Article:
Brianna Quiroz made a bold prediction during freshmen orientation at Central Valley High School.
“She told (athletic director) Greg Magni she was going to make it to state in wrestling,” Hawks’ coach Rob Beckhart said. “She’s done it twice.”
Added Quiroz: “It does mean a lot because not a lot of people get to do that.”
Quiroz wrapped up her prep grappling career with a top-24 finish in the 150-pound weight bracket at the CIF State Girls Wrestling Championships this past week at Rabobank Arena in Bakersfield.
“I’m happy with how I did,” Quiroz said. “It’s an improvement from last year. I can’t be disappointed.”
“It’s a huge accomplishment to be a two-time state qualifier. She had a great career.”Coach Rob Beckhart
“It’s a huge accomplishment to be a two-time state qualifier,” Beckhart said. “She had a great career.”
Quiroz won one of three matches at the state tournament.
She topped Santa Paula’s Jasmin Tapia (pin, 1:23) in the first round.
She dropped back-to-back matches to San Fernando’s Alyssa Arana (pin, 4:33) and Rancho Buena Vista’s Cassandra Betancourt (pin, 4:40).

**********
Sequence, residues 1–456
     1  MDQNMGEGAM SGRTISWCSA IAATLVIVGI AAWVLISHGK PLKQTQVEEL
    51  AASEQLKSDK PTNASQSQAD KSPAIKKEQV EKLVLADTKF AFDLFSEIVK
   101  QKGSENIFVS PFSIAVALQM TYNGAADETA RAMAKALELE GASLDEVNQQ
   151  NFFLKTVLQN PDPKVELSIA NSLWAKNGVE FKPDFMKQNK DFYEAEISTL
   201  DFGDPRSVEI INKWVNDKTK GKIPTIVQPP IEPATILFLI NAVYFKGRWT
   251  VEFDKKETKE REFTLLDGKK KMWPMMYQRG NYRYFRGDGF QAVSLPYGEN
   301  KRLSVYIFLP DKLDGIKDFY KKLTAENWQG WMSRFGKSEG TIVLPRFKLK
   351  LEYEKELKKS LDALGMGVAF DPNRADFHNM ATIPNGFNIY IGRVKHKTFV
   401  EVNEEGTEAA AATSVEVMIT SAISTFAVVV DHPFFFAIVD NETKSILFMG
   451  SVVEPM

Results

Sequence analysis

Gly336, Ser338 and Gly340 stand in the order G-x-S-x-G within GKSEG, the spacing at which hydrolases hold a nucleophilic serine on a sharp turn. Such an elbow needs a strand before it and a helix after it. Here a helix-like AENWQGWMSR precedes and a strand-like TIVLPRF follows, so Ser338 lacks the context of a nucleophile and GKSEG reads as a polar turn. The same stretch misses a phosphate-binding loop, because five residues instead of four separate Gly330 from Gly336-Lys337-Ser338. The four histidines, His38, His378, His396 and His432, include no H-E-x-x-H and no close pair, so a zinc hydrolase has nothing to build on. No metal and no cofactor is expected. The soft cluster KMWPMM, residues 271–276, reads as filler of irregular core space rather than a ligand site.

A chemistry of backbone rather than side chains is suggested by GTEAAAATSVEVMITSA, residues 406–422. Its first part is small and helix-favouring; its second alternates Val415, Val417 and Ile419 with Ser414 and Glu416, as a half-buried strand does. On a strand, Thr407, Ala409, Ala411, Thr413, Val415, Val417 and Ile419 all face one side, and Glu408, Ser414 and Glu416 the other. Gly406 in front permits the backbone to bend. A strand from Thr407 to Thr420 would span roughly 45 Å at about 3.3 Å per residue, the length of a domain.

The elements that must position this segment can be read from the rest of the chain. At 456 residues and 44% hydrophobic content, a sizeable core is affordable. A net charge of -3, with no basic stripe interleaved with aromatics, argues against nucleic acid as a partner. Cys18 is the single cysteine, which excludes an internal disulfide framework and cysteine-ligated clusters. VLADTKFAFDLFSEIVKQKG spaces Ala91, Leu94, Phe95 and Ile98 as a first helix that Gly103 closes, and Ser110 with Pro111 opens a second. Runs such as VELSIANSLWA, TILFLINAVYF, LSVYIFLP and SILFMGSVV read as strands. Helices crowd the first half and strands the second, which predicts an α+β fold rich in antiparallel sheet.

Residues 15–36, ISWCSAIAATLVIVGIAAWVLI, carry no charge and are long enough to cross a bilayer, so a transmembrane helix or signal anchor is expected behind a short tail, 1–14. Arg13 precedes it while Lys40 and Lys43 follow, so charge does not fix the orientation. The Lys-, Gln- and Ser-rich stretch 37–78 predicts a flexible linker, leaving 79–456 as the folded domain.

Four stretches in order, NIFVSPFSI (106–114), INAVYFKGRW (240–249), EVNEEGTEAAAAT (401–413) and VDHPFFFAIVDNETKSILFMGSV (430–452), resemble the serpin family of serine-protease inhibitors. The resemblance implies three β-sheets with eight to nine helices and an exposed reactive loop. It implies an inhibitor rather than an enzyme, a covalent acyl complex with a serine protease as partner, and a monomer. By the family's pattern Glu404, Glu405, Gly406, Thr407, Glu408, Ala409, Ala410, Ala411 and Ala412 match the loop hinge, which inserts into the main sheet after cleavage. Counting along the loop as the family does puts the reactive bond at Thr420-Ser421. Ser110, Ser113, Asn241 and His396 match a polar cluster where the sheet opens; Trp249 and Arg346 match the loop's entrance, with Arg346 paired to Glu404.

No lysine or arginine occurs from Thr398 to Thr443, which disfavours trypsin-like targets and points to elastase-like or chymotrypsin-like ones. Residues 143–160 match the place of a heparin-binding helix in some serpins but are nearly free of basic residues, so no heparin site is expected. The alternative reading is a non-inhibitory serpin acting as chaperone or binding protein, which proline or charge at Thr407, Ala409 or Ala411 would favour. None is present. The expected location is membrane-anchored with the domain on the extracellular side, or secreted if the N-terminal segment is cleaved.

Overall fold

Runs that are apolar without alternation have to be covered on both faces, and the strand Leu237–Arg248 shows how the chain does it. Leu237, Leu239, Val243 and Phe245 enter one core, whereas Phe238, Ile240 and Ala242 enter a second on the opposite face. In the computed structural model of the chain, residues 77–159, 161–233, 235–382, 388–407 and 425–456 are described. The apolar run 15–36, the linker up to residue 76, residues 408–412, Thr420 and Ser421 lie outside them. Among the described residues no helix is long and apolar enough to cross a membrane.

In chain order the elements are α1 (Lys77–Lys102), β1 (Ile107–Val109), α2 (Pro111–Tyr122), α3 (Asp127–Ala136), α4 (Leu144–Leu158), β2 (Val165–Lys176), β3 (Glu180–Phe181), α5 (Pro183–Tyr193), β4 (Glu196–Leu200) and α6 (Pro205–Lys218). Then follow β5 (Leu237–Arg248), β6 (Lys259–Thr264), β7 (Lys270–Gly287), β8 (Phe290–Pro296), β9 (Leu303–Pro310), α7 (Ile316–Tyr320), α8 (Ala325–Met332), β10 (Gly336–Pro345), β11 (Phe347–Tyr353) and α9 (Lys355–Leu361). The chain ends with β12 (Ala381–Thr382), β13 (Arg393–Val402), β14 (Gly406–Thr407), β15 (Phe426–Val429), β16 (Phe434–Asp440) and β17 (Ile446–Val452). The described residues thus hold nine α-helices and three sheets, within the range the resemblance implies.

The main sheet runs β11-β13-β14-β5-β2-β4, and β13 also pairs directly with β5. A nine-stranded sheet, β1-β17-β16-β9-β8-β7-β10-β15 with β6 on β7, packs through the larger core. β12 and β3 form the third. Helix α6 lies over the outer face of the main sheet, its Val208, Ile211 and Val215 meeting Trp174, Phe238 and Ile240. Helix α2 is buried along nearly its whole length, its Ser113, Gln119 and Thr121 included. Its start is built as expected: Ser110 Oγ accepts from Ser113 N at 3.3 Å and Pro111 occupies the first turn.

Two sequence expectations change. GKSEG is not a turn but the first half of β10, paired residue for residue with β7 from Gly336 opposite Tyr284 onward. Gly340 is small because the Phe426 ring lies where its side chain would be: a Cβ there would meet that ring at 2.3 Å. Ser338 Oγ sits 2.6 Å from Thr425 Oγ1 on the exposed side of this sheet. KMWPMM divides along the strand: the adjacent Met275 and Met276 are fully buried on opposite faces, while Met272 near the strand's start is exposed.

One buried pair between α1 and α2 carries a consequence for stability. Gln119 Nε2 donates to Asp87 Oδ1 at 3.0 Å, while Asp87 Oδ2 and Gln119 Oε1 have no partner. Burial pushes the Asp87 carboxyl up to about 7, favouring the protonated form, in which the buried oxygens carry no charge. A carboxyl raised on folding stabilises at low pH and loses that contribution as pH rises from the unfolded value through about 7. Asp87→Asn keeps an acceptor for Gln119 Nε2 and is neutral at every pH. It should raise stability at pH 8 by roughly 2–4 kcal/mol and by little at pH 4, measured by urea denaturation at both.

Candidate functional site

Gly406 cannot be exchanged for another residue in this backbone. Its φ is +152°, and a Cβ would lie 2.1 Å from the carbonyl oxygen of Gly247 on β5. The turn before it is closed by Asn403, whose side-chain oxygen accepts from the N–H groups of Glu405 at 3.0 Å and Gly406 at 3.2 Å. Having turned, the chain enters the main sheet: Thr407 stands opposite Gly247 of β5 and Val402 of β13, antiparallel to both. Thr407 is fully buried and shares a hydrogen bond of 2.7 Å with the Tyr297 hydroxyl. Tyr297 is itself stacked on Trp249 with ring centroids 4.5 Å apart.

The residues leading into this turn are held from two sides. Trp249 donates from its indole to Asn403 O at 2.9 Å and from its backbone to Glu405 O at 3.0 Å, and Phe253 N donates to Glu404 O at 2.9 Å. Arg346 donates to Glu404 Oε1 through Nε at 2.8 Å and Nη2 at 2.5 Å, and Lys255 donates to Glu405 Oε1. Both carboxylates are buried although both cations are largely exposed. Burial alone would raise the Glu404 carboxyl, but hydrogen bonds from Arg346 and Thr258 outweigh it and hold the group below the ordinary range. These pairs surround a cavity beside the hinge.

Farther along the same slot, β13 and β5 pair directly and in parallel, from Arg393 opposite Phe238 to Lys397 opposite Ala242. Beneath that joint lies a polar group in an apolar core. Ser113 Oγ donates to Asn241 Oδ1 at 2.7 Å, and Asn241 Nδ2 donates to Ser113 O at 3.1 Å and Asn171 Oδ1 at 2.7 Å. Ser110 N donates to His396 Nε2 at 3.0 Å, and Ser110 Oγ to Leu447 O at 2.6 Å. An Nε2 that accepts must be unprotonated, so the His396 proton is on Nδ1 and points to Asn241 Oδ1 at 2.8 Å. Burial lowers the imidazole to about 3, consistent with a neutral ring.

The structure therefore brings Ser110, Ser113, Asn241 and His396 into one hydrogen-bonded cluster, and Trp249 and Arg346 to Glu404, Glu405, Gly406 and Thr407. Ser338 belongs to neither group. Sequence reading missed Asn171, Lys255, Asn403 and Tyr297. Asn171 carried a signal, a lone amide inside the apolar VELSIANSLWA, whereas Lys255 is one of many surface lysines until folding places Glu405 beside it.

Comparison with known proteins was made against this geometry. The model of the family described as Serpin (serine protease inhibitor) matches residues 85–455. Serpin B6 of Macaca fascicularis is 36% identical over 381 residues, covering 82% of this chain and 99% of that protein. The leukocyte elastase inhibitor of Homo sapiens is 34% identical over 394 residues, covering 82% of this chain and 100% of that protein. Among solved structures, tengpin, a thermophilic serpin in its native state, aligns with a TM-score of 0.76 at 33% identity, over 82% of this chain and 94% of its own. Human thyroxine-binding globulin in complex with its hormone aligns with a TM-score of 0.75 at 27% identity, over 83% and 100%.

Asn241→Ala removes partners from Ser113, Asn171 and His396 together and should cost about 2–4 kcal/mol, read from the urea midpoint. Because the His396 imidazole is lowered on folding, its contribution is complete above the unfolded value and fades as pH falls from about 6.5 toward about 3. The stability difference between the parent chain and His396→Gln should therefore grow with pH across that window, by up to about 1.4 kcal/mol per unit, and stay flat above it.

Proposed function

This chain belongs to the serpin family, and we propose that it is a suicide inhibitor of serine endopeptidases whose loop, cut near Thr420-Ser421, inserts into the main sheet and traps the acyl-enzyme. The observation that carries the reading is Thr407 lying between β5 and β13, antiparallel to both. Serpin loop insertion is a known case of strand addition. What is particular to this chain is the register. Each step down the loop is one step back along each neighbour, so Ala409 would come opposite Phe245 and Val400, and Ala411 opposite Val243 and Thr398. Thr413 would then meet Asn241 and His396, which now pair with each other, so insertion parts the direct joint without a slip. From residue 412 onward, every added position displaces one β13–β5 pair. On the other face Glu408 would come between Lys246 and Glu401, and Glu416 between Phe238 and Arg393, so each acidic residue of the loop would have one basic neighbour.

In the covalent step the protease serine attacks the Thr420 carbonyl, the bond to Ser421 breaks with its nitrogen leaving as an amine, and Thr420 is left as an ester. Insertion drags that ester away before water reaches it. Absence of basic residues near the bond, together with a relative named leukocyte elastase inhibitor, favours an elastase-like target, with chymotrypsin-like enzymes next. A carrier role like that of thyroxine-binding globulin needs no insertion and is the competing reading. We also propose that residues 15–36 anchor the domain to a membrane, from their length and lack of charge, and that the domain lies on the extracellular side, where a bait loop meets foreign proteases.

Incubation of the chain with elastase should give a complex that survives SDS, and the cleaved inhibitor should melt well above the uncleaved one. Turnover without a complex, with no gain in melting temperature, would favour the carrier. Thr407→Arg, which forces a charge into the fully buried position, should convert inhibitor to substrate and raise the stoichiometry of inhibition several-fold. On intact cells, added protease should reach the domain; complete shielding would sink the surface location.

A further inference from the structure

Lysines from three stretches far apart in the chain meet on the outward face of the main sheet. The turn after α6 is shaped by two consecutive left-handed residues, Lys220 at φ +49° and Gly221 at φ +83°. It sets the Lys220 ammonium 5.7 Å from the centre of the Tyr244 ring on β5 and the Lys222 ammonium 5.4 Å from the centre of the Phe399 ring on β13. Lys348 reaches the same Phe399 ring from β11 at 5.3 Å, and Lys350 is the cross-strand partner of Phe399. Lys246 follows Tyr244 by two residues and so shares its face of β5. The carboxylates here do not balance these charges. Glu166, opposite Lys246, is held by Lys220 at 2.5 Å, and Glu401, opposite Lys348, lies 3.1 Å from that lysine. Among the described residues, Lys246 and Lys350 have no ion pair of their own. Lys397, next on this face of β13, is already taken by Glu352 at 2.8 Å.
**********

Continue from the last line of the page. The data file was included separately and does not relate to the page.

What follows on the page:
“It would have been nice to get her on the podium,” Beckhart said. “At the end of the day, she did her best. There’s no reason to be upset. She had a great season.”
“There’s a lot of good talent out there,” Quiroz said. “I did the best I could. I gave it my all.”
Quiroz’s senior season was filled with individual and team success.
She amassed a 26-9 overall record.
She advanced to state for the second year in a row.
She claimed her second straight league title.
She took first at the South Regionals.
She finished second at Masters.
She helped lead the Hawks to back-to-back conference championships.
“We accomplished a lot,” Quiroz said.
“I’d love to have her for another year,” Beckhart said. “She was the team leader. She showed the other girls what it took to be successful. She never missed practiced. She wanted to be pushed.”
“You have to work, prepare and give it your all no matter what,” Quiroz said.
Quiroz will be remembered as one of Central Valley’s all-time greatest grapplers.
“I definitely think I could have done better,” she said. “I wish I gave a little more my freshman and sophomore years.”
Adrian Vizcaino, Quiroz’s older sibling, represented Central Valley’s boys wrestling team at the CIF State Meet in 2014. The three-time Western Athletic Conference champion lost both of his matches.
“Being around my brother wrestling made it (the transition) easier for me,” Quiroz said. “He was there to teach me. I wanted to do better than him. He didn’t win a match at state and I did. Me and Rob joke about that.”
“She has the ability to set a goal and accomplish it,” Beckhart said. “I’m proud of her. She’s well-known in our area. We were lucky to have her for four years. I know she’ll be successful at whatever she does.”